Focus Features' specialty title Darkest Hour, starring Gary Oldman as Winston Churchill, is in a close battle with Ridley Scott's All the Money in the World for the No. 7 spot, despite playing in far fewer theaters.
Successfully expanding nationwide into a total of 943 theaters, Darkest Hour grossed $5.5 million for the three days, putting its four-day earnings at an estimated $7.59 million for a domestic total of $20.2 million through Monday.
All the Money in the World, which is still trying to find its way after debuting on Christmas Day, earned $5.6 million from 2,074 theaters for the three days and a projected four-day gross of $7.54 million and domestic total of $14.7 million through Monday. In a Herculean effort, Scott raced to finish his movie in time for its year-end release after replacing disgraced actor Kevin Spacey with Christopher Plummer, a pricey decision requiring reshoots and a new marketing campaign.
Sony's TriStar Pictures is handling the film domestically, while STXfilms has international duties. All the Money in the World took in $1.4 million this weekend from six foreign markets for an international tally of $1.7 million. Recounting the kidnapping of J. Paul Getty's grandson, the movie also stars Mark Wahlberg and Michelle Williams.
The holiday season's two bombs are Alexander Payne's most ambitious film to date, Downsizing, and Alcon/Warner Bros.' male-skewing comedy Father Figures (both are rated R).
From Paramount, Downsizing earned $4.7 million from 2,664 theaters for the three days for a projected four-day gross of $6.1 million and domestic total of $18.6 million through Monday. The previous regime at the studio made the satire, which stars Matt Damon as a man who decides to be shrunken down in order to live like a king. The actor has had a tough year, between this and George Clooney's Suburbicon.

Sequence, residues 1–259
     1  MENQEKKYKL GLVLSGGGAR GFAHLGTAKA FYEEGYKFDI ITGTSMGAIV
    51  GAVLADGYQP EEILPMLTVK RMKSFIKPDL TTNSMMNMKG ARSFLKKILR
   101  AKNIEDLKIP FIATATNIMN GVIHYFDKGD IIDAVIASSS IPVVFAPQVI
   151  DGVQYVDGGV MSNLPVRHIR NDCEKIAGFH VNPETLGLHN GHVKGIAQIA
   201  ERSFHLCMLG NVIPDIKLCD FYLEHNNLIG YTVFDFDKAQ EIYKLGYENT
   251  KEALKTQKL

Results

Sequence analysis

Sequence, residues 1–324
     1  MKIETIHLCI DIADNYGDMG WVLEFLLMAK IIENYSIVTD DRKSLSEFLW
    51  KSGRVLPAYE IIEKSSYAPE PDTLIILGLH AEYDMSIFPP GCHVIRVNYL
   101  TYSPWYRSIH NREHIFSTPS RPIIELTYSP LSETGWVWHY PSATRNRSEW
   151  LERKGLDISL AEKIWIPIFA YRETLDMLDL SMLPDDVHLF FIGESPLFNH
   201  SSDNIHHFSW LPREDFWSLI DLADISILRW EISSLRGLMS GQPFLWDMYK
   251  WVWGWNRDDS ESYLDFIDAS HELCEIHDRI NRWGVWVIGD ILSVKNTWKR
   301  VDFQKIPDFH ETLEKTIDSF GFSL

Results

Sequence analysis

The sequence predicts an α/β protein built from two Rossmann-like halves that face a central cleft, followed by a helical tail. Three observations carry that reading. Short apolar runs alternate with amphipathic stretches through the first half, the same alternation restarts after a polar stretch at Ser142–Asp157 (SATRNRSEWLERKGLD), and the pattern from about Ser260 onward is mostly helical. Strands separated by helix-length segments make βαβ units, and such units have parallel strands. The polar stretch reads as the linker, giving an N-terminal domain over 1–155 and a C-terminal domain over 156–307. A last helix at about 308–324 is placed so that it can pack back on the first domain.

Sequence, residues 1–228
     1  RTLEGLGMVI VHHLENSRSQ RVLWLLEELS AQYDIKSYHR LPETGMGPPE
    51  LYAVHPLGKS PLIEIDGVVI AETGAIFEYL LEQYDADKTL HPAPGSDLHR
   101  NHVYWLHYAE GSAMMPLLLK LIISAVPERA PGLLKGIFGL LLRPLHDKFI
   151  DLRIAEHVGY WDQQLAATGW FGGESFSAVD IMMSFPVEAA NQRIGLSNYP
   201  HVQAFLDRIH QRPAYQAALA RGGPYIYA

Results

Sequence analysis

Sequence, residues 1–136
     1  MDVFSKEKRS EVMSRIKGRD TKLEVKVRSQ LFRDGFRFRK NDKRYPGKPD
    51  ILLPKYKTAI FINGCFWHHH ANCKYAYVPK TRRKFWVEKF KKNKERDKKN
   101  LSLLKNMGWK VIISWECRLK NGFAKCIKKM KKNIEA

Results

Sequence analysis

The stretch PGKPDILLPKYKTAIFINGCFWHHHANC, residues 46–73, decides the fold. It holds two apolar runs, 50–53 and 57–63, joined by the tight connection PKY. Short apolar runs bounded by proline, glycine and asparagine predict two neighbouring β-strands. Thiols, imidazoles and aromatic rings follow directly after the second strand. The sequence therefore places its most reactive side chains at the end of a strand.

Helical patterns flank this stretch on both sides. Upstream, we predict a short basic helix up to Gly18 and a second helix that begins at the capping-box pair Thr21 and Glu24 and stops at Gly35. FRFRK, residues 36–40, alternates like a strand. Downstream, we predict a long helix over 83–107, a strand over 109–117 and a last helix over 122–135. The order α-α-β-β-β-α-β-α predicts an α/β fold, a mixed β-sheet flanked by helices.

Father Figures fared even worse. The male-skewing comedy grossed $3.8 million from 2,902 theaters for the three days, with a projected $5.1 million for the four days. That would put the film's North American cume at a dismal $14.1 million through Monday. The pic, which follows two brothers who set out to find their biological father, stars Owen Wilson and Ed Helms. J.K. Simmons, Katt Williams, Terry Bradshaw and Ving Rhames co-star.
Father Figures could lose the No. 10 spot to Guillermo del Toro's prestige title The Shape of Water starring Sally Hawkins. Swimming into a total of 756 cinemas over the holidays, the adult fairy tale earned $3.5 million for the three days for a projected four-day gross of $4.9 million. Shape of Water, which is eyeing a domestic tally of $17 million through Monday, earned seven Globe nominations, the most for any film.
Among specialty players, a bright spot for Fox is Steven Spielberg's The Post, which is tipped to post a stellar location average of $85,111 in its second weekend, the best of any film. Playing in nine theaters, the Pentagon Papers drama stars Meryl Streep and Tom Hanks.
Paul Thomas Anderson and Focus Features' Phantom Thread, which stars Daniel Day-Lewis and bowed on Christmas Day, is likewise impressing with a projected four-day theater average of $76,259.
STXfilms also debuted writer-director Aaron Sorkin's Molly's Game on Dec. 25, but opted for a wider footprint. Starring Jessica Chastain, the film grossed $2.3 million from 251 theaters for the three days. Its estimated four-day gross is $3.2 million for a theater average of $11,461 and early total of $6.1 million. The big test will come when Molly's Game expands nationwide on Jan. 5.
Launching in four theaters over New Year's weekend was Sony Pictures Classics' Film Stars Don't Die in Liverpool, starring Annette Bening. Facing plenty of competition, the film's location average for the weekend looks to be about $12,000.
Dec. 31, 8 a.m. Updated with revised grosses.
Jan. 1, 10 a.m. Updated with revised grosses.